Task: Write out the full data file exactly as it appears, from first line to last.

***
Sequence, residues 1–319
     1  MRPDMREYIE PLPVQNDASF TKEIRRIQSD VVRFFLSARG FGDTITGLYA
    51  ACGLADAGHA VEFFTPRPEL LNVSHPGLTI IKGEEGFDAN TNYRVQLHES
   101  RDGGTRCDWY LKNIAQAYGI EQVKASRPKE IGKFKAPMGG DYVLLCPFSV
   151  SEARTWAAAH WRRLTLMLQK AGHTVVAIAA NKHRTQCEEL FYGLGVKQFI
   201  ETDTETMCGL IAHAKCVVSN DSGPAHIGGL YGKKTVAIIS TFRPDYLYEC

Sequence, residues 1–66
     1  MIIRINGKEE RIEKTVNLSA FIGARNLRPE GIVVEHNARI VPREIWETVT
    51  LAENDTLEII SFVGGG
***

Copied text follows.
Sequence, residues 1–319
     1  MRPDMREYIE PLPVQNDASF TKEIRRIQSD VVRFFLSARG FGDTITGLYA
    51  ACGLADAGHA VEFFTPRPEL LNVSHPGLTI IKGEEGFDAN TNYRVQLHES
   101  RDGGTRCDWY LKNIAQAYGI EQVKASRPKE IGKFKAPMGG DYVLLCPFSV
   151  SEARTWAAAH WRRLTLMLQK AGHTVVAIAA NKHRTQCEEL FYGLGVKQFI
   201  ETDTETMCGL IAHAKCVVSN DSGPAHIGGL YGKKTVAIIS TFRPDYLYEC

Sequence, residues 1–66
     1  MIIRINGKEE RIEKTVNLSA FIGARNLRPE GIVVEHNARI VPREIWETVT
    51  LAENDTLEII SFVGGG